“Lack of protein can lead to eating too many carbohydrates, and those drops in blood sugar can cause you to yell at your friends and colleagues too many times for seemingly no reason. Proteins also form some neurotransmitters in the brain that control the state mood, so when your protein intake is low, your mood can follow.”

Your hair and nails are weak and brittle.

Woman looking at nailsWoman looking at nails

Your hair and nails are made of keratin, a structural protein that requires amino acids. When you don’t consume enough protein, your body cannot produce enough keratin for proper hair and nail growth, strength, and maintenance. Moody tells us, “Hair, skin, and nails maintain their integrity with collagen and keratin, which are proteins. Eating enough protein in your diet keeps hair shiny, nails strong, and skin smooth.”

you are always hungry


Studies show that protein is the most satiating macronutrient, meaning it keeps you fuller longer and helps reduce cravings. “Incorporating protein into most of your meals and snacks is a great strategy for feeling full throughout the day,” says Moody. “Try eating protein, fat, and carbohydrates together for a complete meal or snack.”

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you have anemia

Doctor checking patient for symptoms of anemiaDoctor checking patient for symptoms of anemia

While often associated with iron, anemia can also be caused by not getting enough protein in the diet. According to the NIH, hemoglobin, crucial for oxygen transport, depends on proteins for its synthesis. “There are many forms of iron deficiency, but hypoproteinemia is a condition in which a person has very low levels of protein in their blood,” explains Moody. “Constant daily consumption of protein-rich foods can help with iron deficiency. If you are unsure what type of iron deficiency you have, it is essential to have more blood tests and consult a registered dietitian or doctor.”

You are losing muscle mass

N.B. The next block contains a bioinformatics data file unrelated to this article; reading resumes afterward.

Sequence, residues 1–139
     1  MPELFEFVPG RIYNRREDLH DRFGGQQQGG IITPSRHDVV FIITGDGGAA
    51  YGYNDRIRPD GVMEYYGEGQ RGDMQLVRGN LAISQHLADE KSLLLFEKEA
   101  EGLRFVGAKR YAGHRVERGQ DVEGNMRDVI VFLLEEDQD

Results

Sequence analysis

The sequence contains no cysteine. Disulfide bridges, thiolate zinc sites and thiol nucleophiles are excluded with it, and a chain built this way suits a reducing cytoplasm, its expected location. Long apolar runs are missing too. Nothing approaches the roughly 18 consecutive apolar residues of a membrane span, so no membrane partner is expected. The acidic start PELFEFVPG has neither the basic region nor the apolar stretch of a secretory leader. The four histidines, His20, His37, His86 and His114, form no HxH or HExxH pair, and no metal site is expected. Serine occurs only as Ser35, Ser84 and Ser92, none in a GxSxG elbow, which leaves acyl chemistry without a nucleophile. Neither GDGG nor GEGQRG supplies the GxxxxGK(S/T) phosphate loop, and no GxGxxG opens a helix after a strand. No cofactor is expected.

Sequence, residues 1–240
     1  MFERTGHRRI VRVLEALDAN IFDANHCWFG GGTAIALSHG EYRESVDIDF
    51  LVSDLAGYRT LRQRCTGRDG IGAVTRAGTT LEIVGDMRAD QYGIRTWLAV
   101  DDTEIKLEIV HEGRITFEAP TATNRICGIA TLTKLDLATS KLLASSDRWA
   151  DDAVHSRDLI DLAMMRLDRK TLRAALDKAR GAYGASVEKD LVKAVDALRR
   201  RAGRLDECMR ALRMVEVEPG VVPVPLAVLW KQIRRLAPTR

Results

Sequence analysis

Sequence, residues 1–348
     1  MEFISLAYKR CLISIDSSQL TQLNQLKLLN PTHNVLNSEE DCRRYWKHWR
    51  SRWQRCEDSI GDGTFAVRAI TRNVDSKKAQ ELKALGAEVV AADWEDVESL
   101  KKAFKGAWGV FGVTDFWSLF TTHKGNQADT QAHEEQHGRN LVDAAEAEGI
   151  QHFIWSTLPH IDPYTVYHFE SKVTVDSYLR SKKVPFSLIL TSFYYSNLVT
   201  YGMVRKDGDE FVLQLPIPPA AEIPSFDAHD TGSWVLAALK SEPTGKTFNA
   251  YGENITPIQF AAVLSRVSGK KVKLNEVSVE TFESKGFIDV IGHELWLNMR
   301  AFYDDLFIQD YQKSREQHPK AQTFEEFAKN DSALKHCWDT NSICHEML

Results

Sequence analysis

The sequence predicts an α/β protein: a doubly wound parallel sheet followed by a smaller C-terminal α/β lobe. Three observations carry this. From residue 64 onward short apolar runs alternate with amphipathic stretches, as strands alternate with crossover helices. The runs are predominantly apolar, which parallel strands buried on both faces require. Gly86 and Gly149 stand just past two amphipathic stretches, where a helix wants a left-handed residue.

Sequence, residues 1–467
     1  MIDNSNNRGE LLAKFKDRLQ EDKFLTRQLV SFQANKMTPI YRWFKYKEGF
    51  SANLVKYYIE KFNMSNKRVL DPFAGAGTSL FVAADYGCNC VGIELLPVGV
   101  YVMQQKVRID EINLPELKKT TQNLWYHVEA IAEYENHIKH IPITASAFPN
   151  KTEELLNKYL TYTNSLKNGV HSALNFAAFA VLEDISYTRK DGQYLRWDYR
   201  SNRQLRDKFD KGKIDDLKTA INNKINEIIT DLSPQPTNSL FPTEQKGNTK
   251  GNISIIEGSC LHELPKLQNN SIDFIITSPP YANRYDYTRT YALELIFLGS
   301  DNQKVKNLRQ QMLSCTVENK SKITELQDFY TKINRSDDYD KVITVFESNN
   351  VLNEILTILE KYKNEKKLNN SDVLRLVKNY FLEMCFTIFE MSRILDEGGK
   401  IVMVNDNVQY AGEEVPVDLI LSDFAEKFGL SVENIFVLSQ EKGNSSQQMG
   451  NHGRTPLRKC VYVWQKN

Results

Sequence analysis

muscle loss conceptmuscle loss concept

While loss of muscle mass is a natural aging process, it can also indicate inadequate protein intake. Regular strength training requires a consistent intake of protein every day to gain muscle. Research shows that consuming 25 to 30 grams of high-quality protein spread evenly throughout the day is the ideal way to build and maintain muscle mass.

Moody says, “Eating enough protein in your diet can help maintain muscle fitness and prevent muscle wasting or loss. Regardless of a person’s goals, maintaining muscle mass should be a top priority for health and fitness.” well-being of all.”

You have a hard time losing weight

climbing the scaleclimbing the scale

If the scale refuses to move, it could be an inadequate protein that is sabotaging your weight loss efforts. According to Harvard Medical School, proteins have a high thermic effect, meaning they require more calories to burn during digestion than carbohydrates or fats. “When some people don’t eat enough protein, they may be hungrier or less satisfied, resulting in consuming other high-calorie foods that, over time, can lead to weight gain,” Moody says.

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You have weak bones

Holding knee, knee painHolding knee, knee pain

“Protein is not only important for muscle, but also for bone health,” says Moody. “Regular strength training, combined with adequate protein intake each day, will positively affect bone status.” According to the American Society for Nutrition, several studies indicate that higher protein intake can improve bone density and reduce the risk of fractures, regardless of the protein source.